Division-III schools are restricted by the national athletics associations from offering dedicated athletic scholarships to their incoming students. These colleges still want to attract top performing athletes to their campuses, however, and will often offer need-based and academic scholarships to potential school athletes. In order to attract these athletes to the campus these schools will place a priority on high achieving athletes who are applying for academic or need-based scholarships. As we have seen, it is here that the 'Walk On Player' comes into his or her own. Many high performing athletes may choose to attend division-III schools in order to follow a more academic course path, while still playing their favorite sport.
In 1972 Title XI instigated sweeping educational reforms aimed at promoting and maintaining gender equality at universities and colleges across the nation. From that moment women's college sports were forever changed. Today, colleges and universities must provide equal athletic opportunity to both men and women, and that includes scholarship opportunities. While many sports remain male dominated, such as football and baseball, women have begun to stake out their claim to other sports like basketball and softball. For female athletes there are now a large number of available scholarships sponsored by the NCAA, NAIA and the NJCAA encompassing a wide array of sporting activities, including basketball, tennis, golf and gymnastics.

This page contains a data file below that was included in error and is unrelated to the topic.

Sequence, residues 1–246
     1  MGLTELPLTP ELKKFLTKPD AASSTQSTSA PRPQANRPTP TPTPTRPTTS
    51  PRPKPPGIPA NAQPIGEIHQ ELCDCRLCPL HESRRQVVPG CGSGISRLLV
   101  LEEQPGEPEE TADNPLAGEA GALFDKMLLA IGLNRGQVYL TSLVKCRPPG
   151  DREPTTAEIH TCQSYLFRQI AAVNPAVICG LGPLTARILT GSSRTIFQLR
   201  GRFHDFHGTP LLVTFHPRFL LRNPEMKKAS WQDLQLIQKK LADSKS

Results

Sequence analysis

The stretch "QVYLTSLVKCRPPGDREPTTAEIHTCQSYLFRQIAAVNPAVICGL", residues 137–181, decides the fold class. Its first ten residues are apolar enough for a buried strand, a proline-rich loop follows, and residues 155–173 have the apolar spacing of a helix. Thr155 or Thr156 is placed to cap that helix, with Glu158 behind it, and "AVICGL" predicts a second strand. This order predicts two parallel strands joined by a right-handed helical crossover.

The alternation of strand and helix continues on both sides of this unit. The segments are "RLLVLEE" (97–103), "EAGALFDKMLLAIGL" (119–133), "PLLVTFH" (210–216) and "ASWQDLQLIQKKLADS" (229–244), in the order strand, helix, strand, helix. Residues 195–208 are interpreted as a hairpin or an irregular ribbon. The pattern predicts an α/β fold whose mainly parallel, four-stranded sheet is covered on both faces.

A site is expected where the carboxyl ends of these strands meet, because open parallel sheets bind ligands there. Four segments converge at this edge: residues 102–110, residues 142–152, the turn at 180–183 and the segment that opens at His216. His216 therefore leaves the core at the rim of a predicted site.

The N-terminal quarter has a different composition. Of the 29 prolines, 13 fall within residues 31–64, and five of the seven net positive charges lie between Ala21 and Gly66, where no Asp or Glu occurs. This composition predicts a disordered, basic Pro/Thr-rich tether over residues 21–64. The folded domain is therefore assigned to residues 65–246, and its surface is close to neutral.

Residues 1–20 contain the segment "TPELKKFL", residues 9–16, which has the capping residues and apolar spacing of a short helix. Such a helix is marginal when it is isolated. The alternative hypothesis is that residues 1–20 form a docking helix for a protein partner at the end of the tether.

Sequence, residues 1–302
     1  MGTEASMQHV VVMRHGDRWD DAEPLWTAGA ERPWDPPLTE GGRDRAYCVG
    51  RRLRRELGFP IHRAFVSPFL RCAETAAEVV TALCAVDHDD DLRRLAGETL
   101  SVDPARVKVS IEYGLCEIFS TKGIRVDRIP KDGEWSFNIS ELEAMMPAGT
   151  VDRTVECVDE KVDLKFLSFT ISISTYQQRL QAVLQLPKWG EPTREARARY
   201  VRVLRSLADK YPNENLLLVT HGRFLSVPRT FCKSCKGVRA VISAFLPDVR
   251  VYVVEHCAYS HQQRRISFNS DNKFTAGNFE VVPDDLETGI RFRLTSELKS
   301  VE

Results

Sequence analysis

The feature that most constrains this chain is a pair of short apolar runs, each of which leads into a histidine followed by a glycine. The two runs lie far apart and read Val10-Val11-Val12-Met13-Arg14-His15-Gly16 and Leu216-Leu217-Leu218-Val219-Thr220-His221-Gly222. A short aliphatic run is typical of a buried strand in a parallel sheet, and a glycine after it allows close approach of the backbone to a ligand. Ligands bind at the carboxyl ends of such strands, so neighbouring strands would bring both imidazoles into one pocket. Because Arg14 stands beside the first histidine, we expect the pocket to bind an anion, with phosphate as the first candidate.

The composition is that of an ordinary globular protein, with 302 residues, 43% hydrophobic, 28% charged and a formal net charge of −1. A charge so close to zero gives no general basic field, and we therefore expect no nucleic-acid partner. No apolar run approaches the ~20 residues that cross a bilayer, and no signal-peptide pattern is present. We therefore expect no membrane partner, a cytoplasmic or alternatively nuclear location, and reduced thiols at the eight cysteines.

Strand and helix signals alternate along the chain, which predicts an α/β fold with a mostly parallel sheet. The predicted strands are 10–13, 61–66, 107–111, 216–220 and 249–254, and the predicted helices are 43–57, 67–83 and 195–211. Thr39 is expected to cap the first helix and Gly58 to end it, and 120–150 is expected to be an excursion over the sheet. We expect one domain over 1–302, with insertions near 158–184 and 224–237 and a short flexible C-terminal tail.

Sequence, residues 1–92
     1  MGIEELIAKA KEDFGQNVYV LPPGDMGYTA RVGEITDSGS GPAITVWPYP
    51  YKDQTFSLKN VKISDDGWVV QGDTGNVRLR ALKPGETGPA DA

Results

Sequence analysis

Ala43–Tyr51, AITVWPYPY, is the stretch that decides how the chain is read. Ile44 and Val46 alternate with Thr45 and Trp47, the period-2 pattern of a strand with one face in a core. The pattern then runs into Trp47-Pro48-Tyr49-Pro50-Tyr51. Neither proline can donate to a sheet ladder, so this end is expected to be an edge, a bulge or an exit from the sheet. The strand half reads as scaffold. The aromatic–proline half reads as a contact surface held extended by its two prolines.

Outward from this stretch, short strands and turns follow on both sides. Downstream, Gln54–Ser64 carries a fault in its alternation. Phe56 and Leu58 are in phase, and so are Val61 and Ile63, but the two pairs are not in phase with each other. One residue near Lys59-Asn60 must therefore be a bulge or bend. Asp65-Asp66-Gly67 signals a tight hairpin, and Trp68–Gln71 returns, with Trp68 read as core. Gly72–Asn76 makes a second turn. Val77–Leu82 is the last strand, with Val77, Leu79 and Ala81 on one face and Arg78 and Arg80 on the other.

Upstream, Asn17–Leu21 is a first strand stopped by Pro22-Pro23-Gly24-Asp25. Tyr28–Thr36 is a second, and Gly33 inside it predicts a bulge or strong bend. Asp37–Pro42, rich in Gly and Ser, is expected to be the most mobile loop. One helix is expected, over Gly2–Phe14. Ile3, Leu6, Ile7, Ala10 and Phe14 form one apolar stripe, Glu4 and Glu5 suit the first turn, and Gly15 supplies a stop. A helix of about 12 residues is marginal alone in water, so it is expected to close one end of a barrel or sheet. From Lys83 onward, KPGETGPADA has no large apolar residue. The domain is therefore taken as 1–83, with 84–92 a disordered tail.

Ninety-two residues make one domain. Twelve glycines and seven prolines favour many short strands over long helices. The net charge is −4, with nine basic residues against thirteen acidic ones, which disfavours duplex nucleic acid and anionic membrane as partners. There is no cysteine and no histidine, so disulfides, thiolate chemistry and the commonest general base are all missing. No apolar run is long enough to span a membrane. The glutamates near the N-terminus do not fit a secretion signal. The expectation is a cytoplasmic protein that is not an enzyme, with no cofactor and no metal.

Emerging sports are those considered less widely known, but with the potential to grow and engage a much wider audience. In many cases these emerging sports are more female oriented--helping to even out gender equity issues. The list of emerging sports changes as some are converted to “championship” play (ice hockey, bowling, and rowing), while others may be abandoned entirely as college level activities. The current list of emerging sports includes rugby, sand volleyball, and bowling as well as cheer and dance. Emerging sports scholarships can be found, though in more limited number. Modest scholarships exist at universities where these sports have active campus clubs and heavy regional competition.
To say that there is a scholarship to match any sport is going a bit too far. But many niche sports are now supported at college level by scholarship programs financed both by the university and national associations. In some cases, college sport clubs dedicated to more niche activities like badminton, martial arts or billiards may offer small scholarships or “tuition” awards for eligible students. Generally, however, these niche sports are played simply for the love of the game, and are not supported by any kind of scholarship program.
Athletic scholarships come in all different sizes, and are available to students at all levels of expertise. While the star player may seem to get all of the attention, the steady athletic performer makes up the backbone of any college team. Universities are actively looking to attract those players, as well as the stars, to their campuses. If you are looking for an athletic scholarship the chances may be better than you think.